What really annoyed me though was that they killed off The Tickler. Basically, The Tickler is the kind of sick bastard who made necklaces out of children's ears in 'Nam, My Lai Massacre kind of stuff. He isn't torturing people because he hates them or even to achieve any "rational objective". Even Tywin points out how wasteful he's being, even from the pragmatic view that they're fighting a war and need laborers. The Tickler tortures people because he honestly enjoys torturing children to death. He doesn't even care that there's a war on, he tortures people he knows to be poor peasants from neutral villages, the war is just an excuse to go torturing. And he just pervasively does this across three novels, without any excuse or explanation: he's here to torture.

Secondly, I agree with RS that the scene with Arya and Littlefinger was terrible. "Arya's less-than-effective cat-and-mouse stuff with Littlefinger" as they put it. First....if you're going to INVENT that Littlefinger runs into Arya at Harrenhal, and give the hint that he recognizes her....*follow through on it*. Don't just invent it and drop it. Moreover, the scene's direction was so focused on the tomfoolery of Arya trying to hide her face from Littlefinger as she moved around, that a large number of viewers weren't even paying attention to the plot-important exposition dialogue between Littlefinger and Tywin, setting up the Lannister-Tyrell alliance. Well, I am actually glad they didn't follow through on it because that would have been too much of an invention....but they really shouldn't have over-sold it as much as they did. On paper, I can see why, but it was too annoying seeing TV-first viewers who were led to think this was going somewhere.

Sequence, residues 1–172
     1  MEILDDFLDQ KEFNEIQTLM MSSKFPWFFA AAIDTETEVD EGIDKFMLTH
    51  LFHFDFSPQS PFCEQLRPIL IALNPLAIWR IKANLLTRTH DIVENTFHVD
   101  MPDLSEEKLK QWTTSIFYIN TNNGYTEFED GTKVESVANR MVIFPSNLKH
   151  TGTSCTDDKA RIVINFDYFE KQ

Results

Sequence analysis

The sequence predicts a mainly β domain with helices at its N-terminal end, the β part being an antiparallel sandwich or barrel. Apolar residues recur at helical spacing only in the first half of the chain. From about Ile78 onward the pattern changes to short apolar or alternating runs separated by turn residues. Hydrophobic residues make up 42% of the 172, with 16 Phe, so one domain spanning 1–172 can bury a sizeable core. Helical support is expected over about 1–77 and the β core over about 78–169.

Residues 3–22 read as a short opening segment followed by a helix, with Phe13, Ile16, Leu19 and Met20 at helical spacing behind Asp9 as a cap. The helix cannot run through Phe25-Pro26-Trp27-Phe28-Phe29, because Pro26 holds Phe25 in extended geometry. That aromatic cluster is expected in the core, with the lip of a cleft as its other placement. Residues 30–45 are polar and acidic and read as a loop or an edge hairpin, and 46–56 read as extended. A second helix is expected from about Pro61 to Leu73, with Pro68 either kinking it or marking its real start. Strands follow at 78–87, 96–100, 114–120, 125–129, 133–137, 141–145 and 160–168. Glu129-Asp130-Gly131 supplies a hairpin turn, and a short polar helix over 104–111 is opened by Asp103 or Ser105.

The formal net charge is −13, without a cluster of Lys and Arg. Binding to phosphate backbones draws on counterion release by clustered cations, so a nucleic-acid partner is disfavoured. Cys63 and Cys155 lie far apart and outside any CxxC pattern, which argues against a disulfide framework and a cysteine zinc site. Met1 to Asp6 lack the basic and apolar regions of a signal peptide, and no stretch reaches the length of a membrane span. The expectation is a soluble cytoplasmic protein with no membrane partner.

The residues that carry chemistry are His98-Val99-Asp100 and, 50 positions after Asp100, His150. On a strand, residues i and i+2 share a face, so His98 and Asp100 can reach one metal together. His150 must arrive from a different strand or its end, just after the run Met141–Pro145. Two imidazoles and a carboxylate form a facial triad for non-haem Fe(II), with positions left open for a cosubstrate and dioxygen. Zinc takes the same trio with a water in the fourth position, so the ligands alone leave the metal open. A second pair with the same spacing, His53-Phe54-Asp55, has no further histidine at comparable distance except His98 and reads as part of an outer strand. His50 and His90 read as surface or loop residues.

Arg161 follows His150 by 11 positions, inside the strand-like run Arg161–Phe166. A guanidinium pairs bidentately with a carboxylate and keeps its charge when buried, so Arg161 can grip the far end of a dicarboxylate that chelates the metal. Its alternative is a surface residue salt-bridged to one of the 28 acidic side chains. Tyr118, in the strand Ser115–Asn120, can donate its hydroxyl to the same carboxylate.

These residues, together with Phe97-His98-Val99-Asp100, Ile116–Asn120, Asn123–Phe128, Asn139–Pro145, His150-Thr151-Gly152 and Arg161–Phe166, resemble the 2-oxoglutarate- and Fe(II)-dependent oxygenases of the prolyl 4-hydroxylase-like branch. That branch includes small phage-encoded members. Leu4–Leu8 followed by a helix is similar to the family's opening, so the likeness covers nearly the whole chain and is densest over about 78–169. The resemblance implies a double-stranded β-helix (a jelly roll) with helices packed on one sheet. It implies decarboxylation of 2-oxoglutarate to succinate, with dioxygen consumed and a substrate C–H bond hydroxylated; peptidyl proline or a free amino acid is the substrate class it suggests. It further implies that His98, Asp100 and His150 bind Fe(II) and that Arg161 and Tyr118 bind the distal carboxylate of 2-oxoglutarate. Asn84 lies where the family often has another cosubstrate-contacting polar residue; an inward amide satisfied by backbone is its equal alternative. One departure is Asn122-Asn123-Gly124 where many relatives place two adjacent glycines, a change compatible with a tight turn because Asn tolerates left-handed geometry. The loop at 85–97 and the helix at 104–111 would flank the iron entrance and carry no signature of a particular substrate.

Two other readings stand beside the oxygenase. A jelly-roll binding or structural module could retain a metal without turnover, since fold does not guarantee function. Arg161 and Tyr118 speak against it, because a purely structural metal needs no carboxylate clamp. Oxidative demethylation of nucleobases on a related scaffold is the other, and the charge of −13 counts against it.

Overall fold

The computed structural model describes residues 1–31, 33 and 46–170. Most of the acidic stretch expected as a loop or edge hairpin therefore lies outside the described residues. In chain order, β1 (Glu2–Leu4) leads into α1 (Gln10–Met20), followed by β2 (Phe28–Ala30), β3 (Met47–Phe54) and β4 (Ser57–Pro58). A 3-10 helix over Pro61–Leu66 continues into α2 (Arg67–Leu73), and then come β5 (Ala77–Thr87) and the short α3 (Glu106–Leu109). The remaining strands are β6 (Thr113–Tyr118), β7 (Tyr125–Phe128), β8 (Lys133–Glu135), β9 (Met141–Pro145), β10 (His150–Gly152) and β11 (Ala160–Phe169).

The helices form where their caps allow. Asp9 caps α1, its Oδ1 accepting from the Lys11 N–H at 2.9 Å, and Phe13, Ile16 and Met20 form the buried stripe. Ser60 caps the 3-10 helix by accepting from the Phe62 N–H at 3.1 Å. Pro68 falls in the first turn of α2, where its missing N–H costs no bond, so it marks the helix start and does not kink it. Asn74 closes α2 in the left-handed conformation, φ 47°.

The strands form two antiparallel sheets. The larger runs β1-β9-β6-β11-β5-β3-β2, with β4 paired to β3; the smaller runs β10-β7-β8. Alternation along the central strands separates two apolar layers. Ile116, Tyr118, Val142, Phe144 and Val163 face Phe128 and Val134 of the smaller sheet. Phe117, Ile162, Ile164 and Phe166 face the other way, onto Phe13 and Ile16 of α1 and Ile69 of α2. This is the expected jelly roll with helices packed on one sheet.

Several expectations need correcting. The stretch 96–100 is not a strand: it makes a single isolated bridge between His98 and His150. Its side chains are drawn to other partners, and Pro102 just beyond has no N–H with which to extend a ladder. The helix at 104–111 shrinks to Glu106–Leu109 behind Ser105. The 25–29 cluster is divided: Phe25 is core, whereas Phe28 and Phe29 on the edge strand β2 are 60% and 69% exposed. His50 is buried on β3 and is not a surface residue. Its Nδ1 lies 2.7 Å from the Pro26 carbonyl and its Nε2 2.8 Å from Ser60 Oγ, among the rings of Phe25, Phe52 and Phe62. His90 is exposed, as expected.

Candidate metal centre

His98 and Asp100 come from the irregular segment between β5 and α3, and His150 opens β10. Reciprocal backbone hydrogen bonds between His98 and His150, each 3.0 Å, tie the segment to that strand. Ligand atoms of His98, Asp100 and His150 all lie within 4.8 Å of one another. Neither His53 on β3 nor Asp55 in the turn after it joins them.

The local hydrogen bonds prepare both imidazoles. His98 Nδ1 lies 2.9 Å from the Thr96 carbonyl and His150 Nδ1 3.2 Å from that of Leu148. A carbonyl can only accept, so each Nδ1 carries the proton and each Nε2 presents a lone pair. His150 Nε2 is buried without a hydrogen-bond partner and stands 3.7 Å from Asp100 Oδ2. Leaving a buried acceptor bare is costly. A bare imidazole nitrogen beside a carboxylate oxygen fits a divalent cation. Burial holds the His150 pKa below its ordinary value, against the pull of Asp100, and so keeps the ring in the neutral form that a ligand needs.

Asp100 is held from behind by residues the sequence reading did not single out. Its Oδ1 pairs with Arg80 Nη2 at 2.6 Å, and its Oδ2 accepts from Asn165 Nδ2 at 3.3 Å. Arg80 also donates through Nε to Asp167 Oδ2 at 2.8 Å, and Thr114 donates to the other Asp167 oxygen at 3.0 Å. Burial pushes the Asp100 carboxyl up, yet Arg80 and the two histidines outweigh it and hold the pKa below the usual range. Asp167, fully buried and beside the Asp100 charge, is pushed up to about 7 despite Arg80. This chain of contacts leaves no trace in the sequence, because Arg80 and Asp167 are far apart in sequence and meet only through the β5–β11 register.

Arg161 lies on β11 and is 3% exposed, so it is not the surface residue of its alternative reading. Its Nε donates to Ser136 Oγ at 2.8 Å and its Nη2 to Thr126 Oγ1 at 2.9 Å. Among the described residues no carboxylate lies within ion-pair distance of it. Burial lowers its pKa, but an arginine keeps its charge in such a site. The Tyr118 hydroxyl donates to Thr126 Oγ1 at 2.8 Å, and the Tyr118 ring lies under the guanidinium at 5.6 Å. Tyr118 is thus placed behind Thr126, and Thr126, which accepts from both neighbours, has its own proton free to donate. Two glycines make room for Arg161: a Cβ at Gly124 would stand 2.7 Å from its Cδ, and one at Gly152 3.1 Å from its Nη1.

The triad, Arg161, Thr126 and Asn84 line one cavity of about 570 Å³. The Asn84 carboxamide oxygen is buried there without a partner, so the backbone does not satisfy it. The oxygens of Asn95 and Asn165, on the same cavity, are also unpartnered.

...Generally I agree that the Arya in Harrenhal subplot was too long to accurately portray in a ten episode season, it needed to be condensed...but what about the Tickler?

6 - Actually showing things from Margaery Tyrell's point of view -- I'm in full agreement with RS on this: this was great stuff, and really, it reflects things that were *inferred* in the books but "off screen" because Margaery wasn't a POV character. So I don't even consider this a "change" so much as "showing stuff from off-screen". But while Robb's romance subplot felt a bit generic (though I'm happy they gave him screentime which he didn't have at all in the books, and it was at least serviceable) Margaery Tyrell felt spot-on from how I imagined her "off screen" in the books.